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Walker v. Berryhill

United States District Court, W.D. Washington, Tacoma

May 30, 2018

RACHEL WALKER, Plaintiff,
v.
NANCY A. BERRYHILL, Deputy Commissioner of Social Security Operations, Defendant.

          ORDER AFFIRMING DEFENDANT'S DECISION TO DENY BENEFITS

          Theresa L. Fricke United States Magistrate Judge.

         Plaintiff has brought this matter for judicial review of defendant's denial of her application for disability insurance benefits. The parties have consented to have this matter heard by the undersigned Magistrate Judge. 28 U.S.C. § 636(c), Federal Rule of Civil Procedure 73; Local Rule MJR 13. For the reasons set forth below, the Court affirms defendant's decision to deny benefits.

         FACTUAL AND PROCEDURAL HISTORY

         The plaintiff, Ms. Rachel Walker, suffered a laceration of her right wrist on October 17, 2010 while working at Saint Joseph Medical Center in Tacoma, Washington. Dkt. 9 Administrative Record (AR) 683-686. She had two surgeries (October 2010 and April 2012) for the injury to her wrist. AR 700-703, 803, 805-808. She underwent surgery for cervical C4-7 discectomy and fusion (with allograft and plating) on September 16, 2015. AR 899, 903.

         On April 4, 2014, plaintiff filed an application for disability insurance benefits alleging that she became disabled beginning January 1, 2013. AR 199-205, 209-215, 216-225. The application was denied on initial administrative review and on reconsideration. AR 145-47, 152-56. A hearing was held on November 24, 2015 before ALJ Robert P. Kingsley at which plaintiff appeared and testified, as did a vocational expert. AR 31-64.

         In a written decision dated January 29, 2016, the ALJ documented his analysis at each of the five steps of the Commissioner's sequential disability evaluation process. AR 8-30. At the first step, the ALJ considers whether the claimant is engaged in “substantial gainful activity.” Kennedy v. Colvin, 738 F.3d 1172, 1175 (9th Cir. 2013) (citing C.F.R. § 416.920(a)(4)). At the second step, the ALJ considers “the severity of the claimant's impairments. Id. If the evaluation process “continues beyond the second step, the third step asks whether the claimant's impairment or combination of impairments meets or equals a listing under 20 C.F.R. pt. 404, subpt. P, app. 1.” Id. “If so, the claimant is considered disabled and benefits are awarded, ending the inquiry.” Id. If not, the ALJ considers the claimant's residual functional capacity (“RFC”) “in determining whether the claimant can still do past relevant work” at step four, “or make an adjustment to other work” at step five. Id.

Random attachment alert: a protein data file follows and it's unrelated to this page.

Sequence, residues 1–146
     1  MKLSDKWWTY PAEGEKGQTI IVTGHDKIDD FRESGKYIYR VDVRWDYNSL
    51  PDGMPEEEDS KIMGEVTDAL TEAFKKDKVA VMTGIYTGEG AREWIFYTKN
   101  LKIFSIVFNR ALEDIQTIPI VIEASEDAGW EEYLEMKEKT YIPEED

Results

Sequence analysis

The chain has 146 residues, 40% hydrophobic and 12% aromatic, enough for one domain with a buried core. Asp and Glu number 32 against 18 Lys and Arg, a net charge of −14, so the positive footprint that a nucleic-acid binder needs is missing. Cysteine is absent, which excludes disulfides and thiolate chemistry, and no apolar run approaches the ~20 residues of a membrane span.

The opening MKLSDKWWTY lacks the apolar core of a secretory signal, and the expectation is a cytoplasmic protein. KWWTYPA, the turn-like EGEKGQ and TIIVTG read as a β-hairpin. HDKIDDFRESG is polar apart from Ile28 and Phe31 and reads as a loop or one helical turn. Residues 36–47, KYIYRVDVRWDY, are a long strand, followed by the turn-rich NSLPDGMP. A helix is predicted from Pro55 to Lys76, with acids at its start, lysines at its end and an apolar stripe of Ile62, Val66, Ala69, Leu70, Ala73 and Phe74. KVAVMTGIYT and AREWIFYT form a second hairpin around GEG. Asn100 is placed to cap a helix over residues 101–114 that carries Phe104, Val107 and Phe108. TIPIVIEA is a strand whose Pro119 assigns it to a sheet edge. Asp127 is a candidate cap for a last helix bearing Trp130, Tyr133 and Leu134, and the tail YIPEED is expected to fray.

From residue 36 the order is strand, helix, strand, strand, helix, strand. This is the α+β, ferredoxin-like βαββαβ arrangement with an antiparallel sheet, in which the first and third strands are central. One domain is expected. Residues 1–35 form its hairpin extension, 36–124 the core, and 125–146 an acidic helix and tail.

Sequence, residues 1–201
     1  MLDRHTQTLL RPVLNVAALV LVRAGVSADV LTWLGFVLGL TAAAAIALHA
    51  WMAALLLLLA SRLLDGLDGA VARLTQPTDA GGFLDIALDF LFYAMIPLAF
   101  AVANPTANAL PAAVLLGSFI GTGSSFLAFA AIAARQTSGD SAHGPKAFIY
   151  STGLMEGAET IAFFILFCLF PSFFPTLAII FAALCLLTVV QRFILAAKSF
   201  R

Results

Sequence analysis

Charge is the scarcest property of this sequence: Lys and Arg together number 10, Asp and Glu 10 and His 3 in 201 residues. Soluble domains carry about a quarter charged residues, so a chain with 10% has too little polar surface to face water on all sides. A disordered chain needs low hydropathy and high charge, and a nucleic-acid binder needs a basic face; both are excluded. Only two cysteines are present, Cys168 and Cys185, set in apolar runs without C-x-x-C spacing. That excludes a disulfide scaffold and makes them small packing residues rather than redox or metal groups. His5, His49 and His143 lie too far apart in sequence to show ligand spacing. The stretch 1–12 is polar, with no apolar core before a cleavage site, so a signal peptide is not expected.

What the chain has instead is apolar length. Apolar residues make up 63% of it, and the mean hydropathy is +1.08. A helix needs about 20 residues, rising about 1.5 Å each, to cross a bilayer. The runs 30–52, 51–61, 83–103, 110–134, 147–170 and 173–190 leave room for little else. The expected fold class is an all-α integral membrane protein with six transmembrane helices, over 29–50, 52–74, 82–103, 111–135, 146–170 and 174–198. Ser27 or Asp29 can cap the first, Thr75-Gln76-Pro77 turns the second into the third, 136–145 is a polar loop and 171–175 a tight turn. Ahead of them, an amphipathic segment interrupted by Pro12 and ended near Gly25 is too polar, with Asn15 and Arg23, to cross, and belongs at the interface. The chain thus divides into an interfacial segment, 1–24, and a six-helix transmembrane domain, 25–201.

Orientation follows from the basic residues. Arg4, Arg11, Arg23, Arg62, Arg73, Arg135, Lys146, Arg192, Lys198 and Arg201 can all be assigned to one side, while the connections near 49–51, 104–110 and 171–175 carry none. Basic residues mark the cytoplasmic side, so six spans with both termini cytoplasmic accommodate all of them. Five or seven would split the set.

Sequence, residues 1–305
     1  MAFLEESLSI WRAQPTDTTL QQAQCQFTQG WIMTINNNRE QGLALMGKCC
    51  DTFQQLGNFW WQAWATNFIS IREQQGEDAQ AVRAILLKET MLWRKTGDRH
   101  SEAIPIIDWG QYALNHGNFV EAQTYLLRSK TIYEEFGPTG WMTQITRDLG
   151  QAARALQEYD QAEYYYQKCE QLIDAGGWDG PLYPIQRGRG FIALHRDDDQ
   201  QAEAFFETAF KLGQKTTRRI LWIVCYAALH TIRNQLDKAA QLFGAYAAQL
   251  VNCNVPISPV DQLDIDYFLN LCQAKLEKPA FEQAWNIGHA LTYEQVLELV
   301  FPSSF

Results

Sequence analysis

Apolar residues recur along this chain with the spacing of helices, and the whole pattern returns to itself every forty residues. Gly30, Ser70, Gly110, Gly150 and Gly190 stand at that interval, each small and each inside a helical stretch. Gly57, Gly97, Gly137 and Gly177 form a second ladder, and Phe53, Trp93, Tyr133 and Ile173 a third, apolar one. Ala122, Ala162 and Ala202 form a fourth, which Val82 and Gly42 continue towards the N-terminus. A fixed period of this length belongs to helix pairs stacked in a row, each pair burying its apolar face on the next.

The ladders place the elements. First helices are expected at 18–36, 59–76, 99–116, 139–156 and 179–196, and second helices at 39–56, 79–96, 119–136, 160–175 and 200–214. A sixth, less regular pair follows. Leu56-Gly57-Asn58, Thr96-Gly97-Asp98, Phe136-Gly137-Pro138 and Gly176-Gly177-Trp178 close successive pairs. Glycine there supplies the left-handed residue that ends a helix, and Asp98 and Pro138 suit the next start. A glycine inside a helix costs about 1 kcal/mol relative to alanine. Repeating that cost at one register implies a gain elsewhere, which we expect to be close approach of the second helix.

In this case, steps one and two were resolved in plaintiff's favor. AR 13. At step two, the ALJ found plaintiff had the following severe impairments: right wrist laceration status post surgeries, conversion syndrome, mild spondylosis at ¶ 5, and degenerative disc disease of the cervical spine status post cervical discectomy and fusion. AR 13-14. At step three, the ALJ determined that plaintiff did not have an impairment or combination of impairments that met or medically equaled the severity of one of the listed impairments. AR 15. The ALJ then considered plaintiff's RFC and found at step four that she could not perform her past relevant work, AR 15-22, but that she could perform other jobs that exist in significant numbers in the national economy at step five, and therefore she was not disabled, AR 22-23.

         Plaintiff's request for review was denied by the Appeals Council on February 11, 2016, making the ALJ's decision the final decision of the Commissioner. Plaintiff filed an appeal on July 27, 2017. AR 1-7; Dkt. 1, 4; 20 C.F.R. §§ 404.981, 416.1481.

         Plaintiff seeks reversal of the ALJ's decision and remand for an award of benefits, or in the alternative for further administrative proceedings. She alleges the ALJ erred: (1) in evaluating the medical opinion evidence of Dr. Neville Lewis, M.D.; (2) in evaluating the “other source” opinions of treating professional Heidi Bray, Advanced Registered Nurse Practitioner (ARNP), and occupational therapist Julie Milasich, OTR/L, CHT; (3) in evaluating the lay witness testimony of plaintiff's neighbor Nicole Brown; (4) in rejecting plaintiff's subjective symptom testimony; and (5) given these errors, in assessing plaintiff's RFC and in finding at step five that plaintiff could perform other jobs and therefore was not disabled. Dkt. 11.